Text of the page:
ABC’s Terry Moran featured three Republican campaign ads as examples of "mudslinging" in the run-up to November’s mid-term elections. On Thursday’s edition of "Nightline", Moran slammed Rush Limbaugh’s criticism of "beloved" actor Michael J. Fox and his Democratic pro-stem cell research campaign spots as a "vicious attack." On a GOP ad attacking Tennessee Democratic Senate candidate Harold Ford Jr. for attending a party hosted by Playboy magazine, Moran stated the ad used a white actress to "smear him." Moran’s point of view on these ads was easily discernable from this introduction:
Moran: "Tonight, on Nightline, mudslinging. Michael J. Fox's dramatic campaign commercials, Rush Limbaugh's vicious attack. With less than two weeks to go before the election, how low can they go? Hardball politics, where the stakes are high."
A group of active duty soldiers, called a "grassroots group" by some in the media, is speaking out against the war in Iraq and calling on Congress to bring the troops home. Fine with me - they have every right to speak their mind (I know nothing about the military rules - I'm speaking in the realm of First Amendment rights). Having the freedom to speak out is one of the great benefits of living in the United States of America.
BUT it is disconcerting and disingenuous to report this group as a simple grassroots group trying to get their voices heard. The "Appeal for Redress" group is sponsored by three of the most virulent anti-war groups that use their "desire for peace" as a cover for their blatant anti-Americanism. You've heard of these groups - Veterans for Peace, Military Families Speak Out and Iraq Veterans Against the War. Whenever you see Cindy Sheehan or any of her comrades, you will see members of these organizations. VFP and IVAW members include several deserters, conscientious objectors and some "soldiers" that turned out to not be what they portrayed. Some members claim to have witnessed war crimes including the wholesale slaughter of innocent Iraqi women and children. Some members traveled to Venezuela with CodePink to pay homage to Chavez. Some have testified at "global" forums against America, the terrorist state.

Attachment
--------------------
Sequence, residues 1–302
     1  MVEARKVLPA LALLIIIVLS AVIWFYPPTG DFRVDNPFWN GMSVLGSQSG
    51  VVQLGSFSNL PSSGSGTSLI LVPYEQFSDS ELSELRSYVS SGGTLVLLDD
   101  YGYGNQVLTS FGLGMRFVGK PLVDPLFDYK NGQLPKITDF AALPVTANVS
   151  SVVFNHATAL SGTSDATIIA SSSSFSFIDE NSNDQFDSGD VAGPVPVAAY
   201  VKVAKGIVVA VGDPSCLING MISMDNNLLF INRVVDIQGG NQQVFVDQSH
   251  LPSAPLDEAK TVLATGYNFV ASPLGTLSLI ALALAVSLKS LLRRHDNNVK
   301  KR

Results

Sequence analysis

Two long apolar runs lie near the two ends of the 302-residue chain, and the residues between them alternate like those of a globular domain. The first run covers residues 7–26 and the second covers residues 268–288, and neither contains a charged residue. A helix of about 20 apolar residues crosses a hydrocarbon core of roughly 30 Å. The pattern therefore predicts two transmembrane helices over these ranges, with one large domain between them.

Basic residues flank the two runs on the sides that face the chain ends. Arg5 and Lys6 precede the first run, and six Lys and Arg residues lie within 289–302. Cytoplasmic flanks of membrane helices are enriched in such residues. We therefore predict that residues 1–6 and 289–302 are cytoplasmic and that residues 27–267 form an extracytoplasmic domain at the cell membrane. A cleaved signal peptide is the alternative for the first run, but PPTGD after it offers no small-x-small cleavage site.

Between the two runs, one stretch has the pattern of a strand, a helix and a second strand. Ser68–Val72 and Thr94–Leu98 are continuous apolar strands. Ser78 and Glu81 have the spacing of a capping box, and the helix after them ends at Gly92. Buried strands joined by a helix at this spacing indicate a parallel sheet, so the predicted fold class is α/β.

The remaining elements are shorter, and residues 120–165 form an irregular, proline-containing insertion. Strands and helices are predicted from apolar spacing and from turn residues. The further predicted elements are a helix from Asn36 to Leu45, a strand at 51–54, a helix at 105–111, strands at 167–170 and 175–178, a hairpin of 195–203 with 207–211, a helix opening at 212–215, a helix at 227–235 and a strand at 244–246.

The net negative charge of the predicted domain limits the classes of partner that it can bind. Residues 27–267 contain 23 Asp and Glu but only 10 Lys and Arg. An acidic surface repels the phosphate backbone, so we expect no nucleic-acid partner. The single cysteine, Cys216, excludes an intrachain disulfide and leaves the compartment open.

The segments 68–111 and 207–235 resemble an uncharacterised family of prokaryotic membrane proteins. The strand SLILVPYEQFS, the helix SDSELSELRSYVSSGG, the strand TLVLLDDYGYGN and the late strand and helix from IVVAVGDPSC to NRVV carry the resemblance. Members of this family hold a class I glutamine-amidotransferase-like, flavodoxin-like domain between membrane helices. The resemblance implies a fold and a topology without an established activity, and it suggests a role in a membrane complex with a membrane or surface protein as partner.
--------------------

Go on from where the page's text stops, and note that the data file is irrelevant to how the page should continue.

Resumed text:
What a difference a few weeks make. Three weeks after Newsweek writers, Howard Fineman and Eleanor Clift, gloatingly declared the End of GOP Dominance and just a week after that same magazine announced that the Republicans were losing its evangelical base, a sharp note of electoral caution has popped up in that periodical. Jonathan Alter is now cautioning Newsweek readers that the Democrats might not do so well in the upcoming congressional elections after all as indicated in the very title of his October 30 article, There Might Not Be a Tidal Wave:
...for all the talk of increased intensity this year, voters are still preoccupied with their own busy lives, not politics. They don't watch much cable news or follow issues closely. If they bother to vote, they'll often do so based on small, serendipitous shards of information.
Plan B is getting under way as the mainstream media starts writing to the election fraud template in preparation for the November post election analysis.
First out of the gate is Reuters.
WASHINGTON (Reuters) - Long lines and long counts threaten to mar next month's U.S. congressional elections as millions of Americans put new voting machines and rules to the test, election officials and experts say.